By Bay City News Service
Advocates for the developmentally disabled Friday called for an investigation into reports 12 adults at the Sonoma Developmental Center near Sonoma were tortured with Tasers a year ago. The groups gathered at the Sonoma County Superior Courthouse, where they met with District Attorney Jill Ravitch late last month.
Members of The Arc of California, the Developmental Disability Council and the Parent Hospital Association for the Sonoma Developmental Center also urged Gov. Jerry Brown to sign five legislative bills that protect developmentally disabled persons from abuse and expedite reporting procedures.
Tony Anderson, executive director of The Arc of California, said advocates for the developmentally disabled asked Ravitch to conduct a concurrent investigation into the reports of Taser use at the Center in Eldridge on Sept. 26, 2011.
In a Sept. 12 letter to Anderson following her meeting with the advocates on Aug. 29, Ravitch said the state Office of Protective Services has reopened its investigation into the Taser allegations.
In the letter, Ravitch said her office rarely initiates independent investigations and that any such request should be made to a local law enforcement agency.
Ravitch said the county sheriff's office previously offered to assist the Office of Protective Services with the investigation. Sonoma County Sheriff Steve Freitas said the OPS declined any assistance.
Ravitch said one of her investigators will help assure the OPS investigation is thorough and complete. She said her office also has contacted the state Attorney General's Office and the FBI.
"A chief deputy district attorney has reviewed the entire case and will continue to evaluate additional reports as they are received," Ravitch said in her letter to Anderson.
"We are encouraged by this progress, but still have concerns about who is doing the investigation and how violent abuse is reported to local law enforcement agencies," Anderson said.
Anderson said the state Penal Code gives state and local law enforcement agencies "concurrent jurisdiction" to investigate elder and dependent abuse and other crimes against victims with disabilities.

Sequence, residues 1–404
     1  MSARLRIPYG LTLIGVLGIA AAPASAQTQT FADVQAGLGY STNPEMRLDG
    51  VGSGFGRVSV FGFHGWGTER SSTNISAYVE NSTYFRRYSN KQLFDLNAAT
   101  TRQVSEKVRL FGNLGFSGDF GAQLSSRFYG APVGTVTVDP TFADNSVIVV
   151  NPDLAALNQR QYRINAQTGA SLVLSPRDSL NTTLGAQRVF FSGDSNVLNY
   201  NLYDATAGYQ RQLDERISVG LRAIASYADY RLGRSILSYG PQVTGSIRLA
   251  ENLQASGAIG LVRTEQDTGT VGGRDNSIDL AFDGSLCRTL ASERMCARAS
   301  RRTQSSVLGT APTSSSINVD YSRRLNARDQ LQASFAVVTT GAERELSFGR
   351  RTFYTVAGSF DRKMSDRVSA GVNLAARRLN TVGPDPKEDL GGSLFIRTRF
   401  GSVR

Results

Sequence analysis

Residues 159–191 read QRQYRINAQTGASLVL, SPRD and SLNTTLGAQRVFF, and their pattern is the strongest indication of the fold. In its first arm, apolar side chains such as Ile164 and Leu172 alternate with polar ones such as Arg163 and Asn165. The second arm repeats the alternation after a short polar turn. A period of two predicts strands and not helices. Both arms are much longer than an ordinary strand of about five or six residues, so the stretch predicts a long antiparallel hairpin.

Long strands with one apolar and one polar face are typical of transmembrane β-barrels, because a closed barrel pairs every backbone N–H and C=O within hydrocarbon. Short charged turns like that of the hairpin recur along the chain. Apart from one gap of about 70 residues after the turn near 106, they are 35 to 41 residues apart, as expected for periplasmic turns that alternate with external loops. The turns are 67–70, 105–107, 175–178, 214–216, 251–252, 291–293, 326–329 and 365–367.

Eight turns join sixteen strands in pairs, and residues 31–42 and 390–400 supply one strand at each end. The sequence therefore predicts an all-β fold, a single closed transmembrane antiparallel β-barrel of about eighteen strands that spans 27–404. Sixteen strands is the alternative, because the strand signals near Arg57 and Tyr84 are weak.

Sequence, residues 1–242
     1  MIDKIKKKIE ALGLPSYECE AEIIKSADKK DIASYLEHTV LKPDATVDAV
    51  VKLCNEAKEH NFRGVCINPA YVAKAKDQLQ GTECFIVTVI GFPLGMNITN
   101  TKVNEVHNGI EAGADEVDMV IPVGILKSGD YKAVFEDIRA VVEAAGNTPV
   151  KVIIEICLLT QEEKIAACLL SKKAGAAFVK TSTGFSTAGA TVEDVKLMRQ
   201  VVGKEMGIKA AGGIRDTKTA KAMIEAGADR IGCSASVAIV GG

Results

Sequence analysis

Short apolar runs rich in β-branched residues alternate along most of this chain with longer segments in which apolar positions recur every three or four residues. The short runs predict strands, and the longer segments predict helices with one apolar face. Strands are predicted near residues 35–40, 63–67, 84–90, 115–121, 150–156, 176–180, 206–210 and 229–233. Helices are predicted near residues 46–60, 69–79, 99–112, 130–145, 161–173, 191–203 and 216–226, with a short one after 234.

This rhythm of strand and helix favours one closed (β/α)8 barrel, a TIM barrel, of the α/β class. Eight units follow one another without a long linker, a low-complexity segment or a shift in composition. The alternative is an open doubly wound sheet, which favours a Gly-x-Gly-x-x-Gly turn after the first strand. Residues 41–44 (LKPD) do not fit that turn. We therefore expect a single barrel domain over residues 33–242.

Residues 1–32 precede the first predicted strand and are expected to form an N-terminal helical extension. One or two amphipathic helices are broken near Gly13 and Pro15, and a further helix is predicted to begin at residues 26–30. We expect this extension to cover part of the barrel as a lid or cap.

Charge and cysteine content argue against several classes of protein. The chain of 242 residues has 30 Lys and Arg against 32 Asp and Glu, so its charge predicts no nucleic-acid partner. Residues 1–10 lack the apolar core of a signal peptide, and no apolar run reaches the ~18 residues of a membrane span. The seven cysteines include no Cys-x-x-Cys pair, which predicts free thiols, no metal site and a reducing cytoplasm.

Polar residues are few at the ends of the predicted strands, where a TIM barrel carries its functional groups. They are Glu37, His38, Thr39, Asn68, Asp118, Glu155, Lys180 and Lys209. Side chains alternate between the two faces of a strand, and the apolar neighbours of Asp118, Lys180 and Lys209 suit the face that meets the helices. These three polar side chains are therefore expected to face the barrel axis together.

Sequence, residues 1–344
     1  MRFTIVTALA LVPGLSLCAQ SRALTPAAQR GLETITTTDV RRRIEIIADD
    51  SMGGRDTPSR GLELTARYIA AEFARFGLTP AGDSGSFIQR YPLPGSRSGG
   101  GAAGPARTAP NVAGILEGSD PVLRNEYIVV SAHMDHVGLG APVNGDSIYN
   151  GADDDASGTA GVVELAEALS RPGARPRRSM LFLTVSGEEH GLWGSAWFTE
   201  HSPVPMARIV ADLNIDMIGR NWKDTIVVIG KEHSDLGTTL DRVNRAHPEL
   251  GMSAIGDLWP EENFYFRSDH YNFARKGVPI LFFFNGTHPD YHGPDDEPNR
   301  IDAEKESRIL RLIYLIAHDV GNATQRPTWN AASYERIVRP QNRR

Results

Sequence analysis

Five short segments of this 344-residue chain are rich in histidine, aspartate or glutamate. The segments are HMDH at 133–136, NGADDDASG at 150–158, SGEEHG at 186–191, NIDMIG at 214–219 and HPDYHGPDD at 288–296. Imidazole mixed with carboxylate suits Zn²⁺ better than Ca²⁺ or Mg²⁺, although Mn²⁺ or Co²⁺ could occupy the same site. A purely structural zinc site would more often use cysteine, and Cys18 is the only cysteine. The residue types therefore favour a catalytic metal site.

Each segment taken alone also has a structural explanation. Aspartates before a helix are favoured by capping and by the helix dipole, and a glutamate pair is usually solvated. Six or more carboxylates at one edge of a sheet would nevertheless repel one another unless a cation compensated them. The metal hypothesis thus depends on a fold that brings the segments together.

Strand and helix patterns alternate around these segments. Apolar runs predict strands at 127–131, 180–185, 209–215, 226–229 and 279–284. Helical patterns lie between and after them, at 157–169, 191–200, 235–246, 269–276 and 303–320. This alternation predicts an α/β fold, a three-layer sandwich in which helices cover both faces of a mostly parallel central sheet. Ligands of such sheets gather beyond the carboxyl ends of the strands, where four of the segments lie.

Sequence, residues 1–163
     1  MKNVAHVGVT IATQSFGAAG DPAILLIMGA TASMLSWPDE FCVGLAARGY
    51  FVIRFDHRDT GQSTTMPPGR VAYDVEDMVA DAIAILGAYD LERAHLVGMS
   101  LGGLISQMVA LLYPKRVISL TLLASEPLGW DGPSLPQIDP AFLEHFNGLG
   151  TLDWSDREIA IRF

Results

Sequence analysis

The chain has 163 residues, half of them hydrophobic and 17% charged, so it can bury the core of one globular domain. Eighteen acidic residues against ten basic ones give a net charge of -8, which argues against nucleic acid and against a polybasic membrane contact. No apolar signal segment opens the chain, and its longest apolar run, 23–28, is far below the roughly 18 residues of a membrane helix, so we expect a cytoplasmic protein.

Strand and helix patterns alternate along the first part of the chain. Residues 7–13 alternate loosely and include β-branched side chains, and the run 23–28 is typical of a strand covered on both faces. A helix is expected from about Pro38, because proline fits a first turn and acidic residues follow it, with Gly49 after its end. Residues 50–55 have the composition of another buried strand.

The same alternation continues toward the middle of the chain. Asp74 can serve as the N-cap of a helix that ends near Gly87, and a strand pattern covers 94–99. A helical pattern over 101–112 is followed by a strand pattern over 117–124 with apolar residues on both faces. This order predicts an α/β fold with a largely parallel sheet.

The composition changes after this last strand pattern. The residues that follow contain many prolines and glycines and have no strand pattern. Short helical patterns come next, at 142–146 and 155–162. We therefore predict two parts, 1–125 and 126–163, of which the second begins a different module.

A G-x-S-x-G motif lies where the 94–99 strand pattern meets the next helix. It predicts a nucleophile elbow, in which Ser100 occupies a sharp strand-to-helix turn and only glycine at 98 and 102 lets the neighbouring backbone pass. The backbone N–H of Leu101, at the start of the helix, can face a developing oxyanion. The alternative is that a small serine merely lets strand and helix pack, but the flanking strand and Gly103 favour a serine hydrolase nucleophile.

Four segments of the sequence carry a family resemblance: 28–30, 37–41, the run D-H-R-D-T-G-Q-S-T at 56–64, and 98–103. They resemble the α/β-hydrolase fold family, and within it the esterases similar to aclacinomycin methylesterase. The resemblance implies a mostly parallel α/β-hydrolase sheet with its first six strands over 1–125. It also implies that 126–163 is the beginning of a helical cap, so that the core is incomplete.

According to an article published last month by California Watch, a team of reporters with the Center for Investigative Reporting, an anonymous caller accused caregiver Archie Millora of abusing at least 11 of the severely disabled patients at the Sonoma Developmental Center.
In response to the report, Sonoma County Chief Deputy District Attorney Spencer Brady said the Sonoma Developmental Center's in-house police, the Office of Protective Services, found a loaded 40-caliber Glock handgun and a Taser stun gun in Millora's vehicle after it received the anonymous tip.
The Office of Protective Services did an administrative investigation and determined the Taser in Millora's vehicle was not the weapon that was used to inflict the wounds on the patients, Brady said.
Millora was arrested on Feb. 11 on misdemeanor charges of carrying a concealed weapon in a vehicle and carrying a loaded firearm in a public place on Sept. 27, 2011, according to Sonoma County Superior Court records.
He pleaded no contest on April 2 to the concealed weapon charge and was sentenced to three years' probation and 20 days in Sonoma County Jail.
Advocates for the developmentally disabled want Gov. Brown to sign SB 1551, a bill by state Senator Mark Leno, D-San Francisco. The bill requires a developmental center to immediately report a death, sexual or physical assault to local law enforcement regardless of whether the Office of Protective Services has investigated the incident, and to prepare a written report to local law enforcement within two working days.
A bill by Assemblywoman Mariko Yamada, D-Davis, would require a mandated reporter to inform local law enforcement by phone within two hours of observing, learning of or suspecting physical abuse in a long-term care facility.
Parent Hospital Association President Kathleen Miller, whose son is living in the Sonoma Development Center, said the victims of the Taser use were patients with behavior issues.
"If it can happen there, it can happen anywhere. This is the tip of the iceberg," Miller said.
Joseph Flanagan, who was a resident of the Sonoma Developmental Center between 1955, when he was 12 years old, and 1963, said he saw patients pushed against walls, slapped, hit, knocked to the ground, struck with belts and had their beds tipped over.
"I want people to be safe and the abuse stopped. I want them to have their freedom and rights," Flanagan said.